“Again to the credit of the translator of so great a work,” Oxford states, “a writer too who is no mean orator, must be added a new glory of language … For who is clearer in his use of words?  Or richer in the dignity of his sentences?  Or who can conform to the variety of circumstances with greater art?  If weighty matters are under consideration, he unfolds his theme in a solemn and majestic rhythm; if the subject is familiar and facetious, he makes use of words that are witty and amusing.  When therefore he writes with precise and well-chosen words, with skilfully constructed and crystal-clear sentences, and with every art of dignified rhetoric, it cannot be but that some noble quality should be felt to proceed from his work …”

He praises Clerke for dedicating the translation “to our most illustrious and noble Queen, in whom all courtly qualities are personalized, together with those diviner and truly celestial virtues.  For there is no pen so skillful or powerful, no kind of speech so clear, that is not left behind by her own surpassing virtue.” Elizabeth is “of wisest mind, of soundest religion, and cultivated in the highest degree in learning and in literary studies.”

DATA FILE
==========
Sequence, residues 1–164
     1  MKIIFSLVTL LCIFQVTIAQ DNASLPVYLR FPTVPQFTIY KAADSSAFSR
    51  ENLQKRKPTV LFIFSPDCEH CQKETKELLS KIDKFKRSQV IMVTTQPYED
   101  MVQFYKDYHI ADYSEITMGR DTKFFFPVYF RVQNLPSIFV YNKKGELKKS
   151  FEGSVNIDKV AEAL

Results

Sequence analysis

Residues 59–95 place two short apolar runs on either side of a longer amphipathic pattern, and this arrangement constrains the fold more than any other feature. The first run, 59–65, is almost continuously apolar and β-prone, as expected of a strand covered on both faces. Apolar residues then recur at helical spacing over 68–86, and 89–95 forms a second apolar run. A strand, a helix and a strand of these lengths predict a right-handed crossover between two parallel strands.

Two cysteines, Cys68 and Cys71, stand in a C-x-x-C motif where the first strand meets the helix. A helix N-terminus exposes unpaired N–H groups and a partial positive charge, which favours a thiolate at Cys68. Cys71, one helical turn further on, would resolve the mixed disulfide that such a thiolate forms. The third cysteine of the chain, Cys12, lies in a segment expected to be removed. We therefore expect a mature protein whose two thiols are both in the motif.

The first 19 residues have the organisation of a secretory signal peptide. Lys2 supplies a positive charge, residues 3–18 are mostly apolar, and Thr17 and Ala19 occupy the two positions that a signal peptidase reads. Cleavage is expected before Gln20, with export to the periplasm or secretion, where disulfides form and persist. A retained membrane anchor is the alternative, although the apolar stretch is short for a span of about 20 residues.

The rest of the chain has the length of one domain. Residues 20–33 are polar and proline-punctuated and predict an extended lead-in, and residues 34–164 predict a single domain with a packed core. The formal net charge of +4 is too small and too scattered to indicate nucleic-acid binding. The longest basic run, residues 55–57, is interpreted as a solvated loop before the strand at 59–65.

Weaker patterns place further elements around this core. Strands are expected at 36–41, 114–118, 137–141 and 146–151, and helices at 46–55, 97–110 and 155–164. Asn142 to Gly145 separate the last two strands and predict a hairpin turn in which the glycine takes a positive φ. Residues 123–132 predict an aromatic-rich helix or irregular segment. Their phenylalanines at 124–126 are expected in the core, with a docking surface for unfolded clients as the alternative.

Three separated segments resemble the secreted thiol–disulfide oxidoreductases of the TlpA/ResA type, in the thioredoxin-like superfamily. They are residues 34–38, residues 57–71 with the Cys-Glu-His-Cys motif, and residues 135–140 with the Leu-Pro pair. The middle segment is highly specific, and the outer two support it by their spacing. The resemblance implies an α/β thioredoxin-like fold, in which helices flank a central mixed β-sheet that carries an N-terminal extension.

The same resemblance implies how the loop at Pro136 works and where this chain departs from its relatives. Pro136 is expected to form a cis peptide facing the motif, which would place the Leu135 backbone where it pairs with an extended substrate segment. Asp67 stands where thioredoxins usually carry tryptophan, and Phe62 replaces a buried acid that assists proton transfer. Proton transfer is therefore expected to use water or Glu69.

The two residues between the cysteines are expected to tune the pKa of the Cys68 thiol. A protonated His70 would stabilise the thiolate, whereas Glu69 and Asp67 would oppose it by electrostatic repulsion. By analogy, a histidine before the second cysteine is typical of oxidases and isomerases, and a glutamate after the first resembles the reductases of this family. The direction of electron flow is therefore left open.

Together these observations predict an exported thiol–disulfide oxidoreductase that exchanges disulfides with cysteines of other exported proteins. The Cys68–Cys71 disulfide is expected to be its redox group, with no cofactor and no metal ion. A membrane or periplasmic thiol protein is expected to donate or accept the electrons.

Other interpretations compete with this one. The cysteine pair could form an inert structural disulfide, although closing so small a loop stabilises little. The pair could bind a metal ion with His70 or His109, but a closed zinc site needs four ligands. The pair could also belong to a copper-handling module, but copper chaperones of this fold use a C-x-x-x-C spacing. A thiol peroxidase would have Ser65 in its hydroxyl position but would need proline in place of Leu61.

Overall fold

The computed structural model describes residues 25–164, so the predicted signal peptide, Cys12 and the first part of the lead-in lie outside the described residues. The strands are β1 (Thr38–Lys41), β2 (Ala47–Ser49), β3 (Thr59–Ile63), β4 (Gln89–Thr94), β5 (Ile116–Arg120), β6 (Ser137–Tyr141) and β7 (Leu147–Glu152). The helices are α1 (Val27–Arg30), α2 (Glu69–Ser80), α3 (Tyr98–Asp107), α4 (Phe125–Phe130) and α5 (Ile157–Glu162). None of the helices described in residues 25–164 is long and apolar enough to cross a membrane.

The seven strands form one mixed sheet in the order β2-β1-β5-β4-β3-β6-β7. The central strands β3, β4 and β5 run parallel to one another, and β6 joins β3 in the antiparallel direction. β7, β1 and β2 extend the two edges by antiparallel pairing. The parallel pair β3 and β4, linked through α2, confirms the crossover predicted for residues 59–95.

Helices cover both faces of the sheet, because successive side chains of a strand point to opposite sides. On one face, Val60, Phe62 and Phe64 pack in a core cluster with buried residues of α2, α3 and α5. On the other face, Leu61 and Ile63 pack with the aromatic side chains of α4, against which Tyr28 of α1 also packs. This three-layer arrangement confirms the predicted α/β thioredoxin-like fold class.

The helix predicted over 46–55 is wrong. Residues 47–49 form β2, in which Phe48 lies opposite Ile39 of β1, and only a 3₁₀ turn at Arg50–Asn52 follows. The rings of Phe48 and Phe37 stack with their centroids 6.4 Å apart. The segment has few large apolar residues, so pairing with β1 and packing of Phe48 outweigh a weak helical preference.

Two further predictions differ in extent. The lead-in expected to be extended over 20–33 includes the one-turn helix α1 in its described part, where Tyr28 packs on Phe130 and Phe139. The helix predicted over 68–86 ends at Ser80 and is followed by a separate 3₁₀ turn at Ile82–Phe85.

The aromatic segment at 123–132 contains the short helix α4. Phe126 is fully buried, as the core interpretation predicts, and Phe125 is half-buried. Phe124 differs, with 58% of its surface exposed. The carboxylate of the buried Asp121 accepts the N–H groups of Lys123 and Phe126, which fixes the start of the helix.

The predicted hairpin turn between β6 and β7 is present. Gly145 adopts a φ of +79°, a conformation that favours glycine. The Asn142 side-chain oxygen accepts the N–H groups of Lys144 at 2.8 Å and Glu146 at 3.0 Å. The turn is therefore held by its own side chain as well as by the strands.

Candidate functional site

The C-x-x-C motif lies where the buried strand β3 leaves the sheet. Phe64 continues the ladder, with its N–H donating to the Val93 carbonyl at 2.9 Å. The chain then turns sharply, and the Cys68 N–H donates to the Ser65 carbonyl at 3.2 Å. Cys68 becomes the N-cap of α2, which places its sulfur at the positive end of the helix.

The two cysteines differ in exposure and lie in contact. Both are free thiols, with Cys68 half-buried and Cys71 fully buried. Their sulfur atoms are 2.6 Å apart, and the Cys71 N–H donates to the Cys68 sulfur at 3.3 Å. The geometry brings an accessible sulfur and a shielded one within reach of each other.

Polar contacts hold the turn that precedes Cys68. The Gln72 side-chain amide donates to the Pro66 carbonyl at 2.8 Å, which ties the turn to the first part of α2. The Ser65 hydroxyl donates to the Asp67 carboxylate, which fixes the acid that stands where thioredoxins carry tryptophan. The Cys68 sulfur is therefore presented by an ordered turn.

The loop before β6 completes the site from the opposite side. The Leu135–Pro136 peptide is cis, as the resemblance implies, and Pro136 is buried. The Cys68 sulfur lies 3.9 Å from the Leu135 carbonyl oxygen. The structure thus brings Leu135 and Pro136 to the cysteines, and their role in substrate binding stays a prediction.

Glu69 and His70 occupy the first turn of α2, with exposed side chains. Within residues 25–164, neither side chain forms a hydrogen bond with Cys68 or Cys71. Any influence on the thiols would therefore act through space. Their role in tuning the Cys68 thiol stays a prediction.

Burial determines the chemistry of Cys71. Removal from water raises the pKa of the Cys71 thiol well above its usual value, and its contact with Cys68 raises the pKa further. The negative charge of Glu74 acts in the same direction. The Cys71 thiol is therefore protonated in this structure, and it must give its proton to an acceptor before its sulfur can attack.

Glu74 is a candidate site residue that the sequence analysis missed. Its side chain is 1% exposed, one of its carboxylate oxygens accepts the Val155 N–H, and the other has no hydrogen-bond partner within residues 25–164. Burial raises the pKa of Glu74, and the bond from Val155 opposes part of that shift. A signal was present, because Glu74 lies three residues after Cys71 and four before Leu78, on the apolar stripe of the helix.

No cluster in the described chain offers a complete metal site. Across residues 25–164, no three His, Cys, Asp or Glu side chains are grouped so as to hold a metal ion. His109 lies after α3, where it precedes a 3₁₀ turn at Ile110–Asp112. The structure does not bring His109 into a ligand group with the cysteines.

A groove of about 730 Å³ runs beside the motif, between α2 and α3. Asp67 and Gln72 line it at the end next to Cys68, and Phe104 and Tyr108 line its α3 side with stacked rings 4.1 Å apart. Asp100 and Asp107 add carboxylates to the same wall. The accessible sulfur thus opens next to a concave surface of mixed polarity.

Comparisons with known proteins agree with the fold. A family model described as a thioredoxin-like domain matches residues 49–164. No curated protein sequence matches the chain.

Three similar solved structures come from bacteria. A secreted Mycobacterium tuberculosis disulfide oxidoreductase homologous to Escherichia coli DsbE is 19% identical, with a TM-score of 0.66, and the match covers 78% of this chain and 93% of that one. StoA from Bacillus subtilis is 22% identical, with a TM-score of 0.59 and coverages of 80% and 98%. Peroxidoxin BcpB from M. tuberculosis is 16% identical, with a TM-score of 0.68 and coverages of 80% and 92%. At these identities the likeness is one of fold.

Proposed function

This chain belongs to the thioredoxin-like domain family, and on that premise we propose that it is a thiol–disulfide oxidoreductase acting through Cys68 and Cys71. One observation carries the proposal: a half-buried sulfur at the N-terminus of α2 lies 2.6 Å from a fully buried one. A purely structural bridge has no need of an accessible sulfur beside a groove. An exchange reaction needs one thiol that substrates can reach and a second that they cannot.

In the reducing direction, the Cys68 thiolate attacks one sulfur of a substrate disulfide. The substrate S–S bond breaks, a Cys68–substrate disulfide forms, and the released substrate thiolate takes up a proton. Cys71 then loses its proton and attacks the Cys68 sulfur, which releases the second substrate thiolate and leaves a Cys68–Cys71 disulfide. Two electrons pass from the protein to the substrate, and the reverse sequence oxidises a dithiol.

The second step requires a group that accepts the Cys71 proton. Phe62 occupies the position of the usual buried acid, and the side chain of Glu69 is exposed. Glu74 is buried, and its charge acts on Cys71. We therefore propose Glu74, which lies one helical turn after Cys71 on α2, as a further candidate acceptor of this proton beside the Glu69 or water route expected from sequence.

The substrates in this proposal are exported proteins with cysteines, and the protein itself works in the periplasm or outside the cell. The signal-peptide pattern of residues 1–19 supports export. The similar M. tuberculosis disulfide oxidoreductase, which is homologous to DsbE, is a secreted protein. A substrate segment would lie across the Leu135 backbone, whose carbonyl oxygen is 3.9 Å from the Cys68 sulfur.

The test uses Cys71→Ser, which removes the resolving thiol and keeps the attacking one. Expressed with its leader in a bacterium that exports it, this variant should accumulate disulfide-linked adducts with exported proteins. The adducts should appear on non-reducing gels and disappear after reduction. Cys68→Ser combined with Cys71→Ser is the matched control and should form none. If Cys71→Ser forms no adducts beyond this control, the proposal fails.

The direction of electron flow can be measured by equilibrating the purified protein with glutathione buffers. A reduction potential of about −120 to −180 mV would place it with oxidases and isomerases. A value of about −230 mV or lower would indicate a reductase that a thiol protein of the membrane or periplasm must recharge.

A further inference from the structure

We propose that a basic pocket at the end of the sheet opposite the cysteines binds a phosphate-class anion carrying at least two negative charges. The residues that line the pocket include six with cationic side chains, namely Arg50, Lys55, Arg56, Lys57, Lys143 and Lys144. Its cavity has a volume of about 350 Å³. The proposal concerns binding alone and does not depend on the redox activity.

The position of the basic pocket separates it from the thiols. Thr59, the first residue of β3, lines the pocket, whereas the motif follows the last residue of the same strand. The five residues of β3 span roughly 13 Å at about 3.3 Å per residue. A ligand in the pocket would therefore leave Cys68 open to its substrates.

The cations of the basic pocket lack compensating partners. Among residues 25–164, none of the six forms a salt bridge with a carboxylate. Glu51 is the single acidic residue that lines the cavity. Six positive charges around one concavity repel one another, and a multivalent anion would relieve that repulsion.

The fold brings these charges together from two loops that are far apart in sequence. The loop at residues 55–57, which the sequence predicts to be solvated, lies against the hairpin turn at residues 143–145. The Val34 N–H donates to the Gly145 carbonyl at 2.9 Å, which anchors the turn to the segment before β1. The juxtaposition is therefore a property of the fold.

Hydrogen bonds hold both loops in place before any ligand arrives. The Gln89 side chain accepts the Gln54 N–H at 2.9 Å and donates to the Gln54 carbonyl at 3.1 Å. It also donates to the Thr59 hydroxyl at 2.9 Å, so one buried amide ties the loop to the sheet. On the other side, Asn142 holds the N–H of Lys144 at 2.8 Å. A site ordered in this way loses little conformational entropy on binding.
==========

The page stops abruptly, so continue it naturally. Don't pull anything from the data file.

In these closing words of praise for his own prince, Oxford left little doubt that her Majesty had encouraged him in this extraordinary literary adventure openly issued from the Court:

Elizabeth I of England (1533-1603)

“Lastly, if the noblest attributes of the wisest Princes, the safest protection of a flourishing commonwealth, the greatest qualities of the best citizens, by her own merit, and in the opinion of all, continually encompass her around; surely to obtain the protection of that authority, to strengthen it with gifts, and to mark it with the superscription of her name, is a work which, while worthy of all Monarchs, is most worthy of our own Queen, to whom alone is due all the praise of all the Muses and all the glory of literatureGiven at the Royal Court 5 January 1571 (1572 – new style).”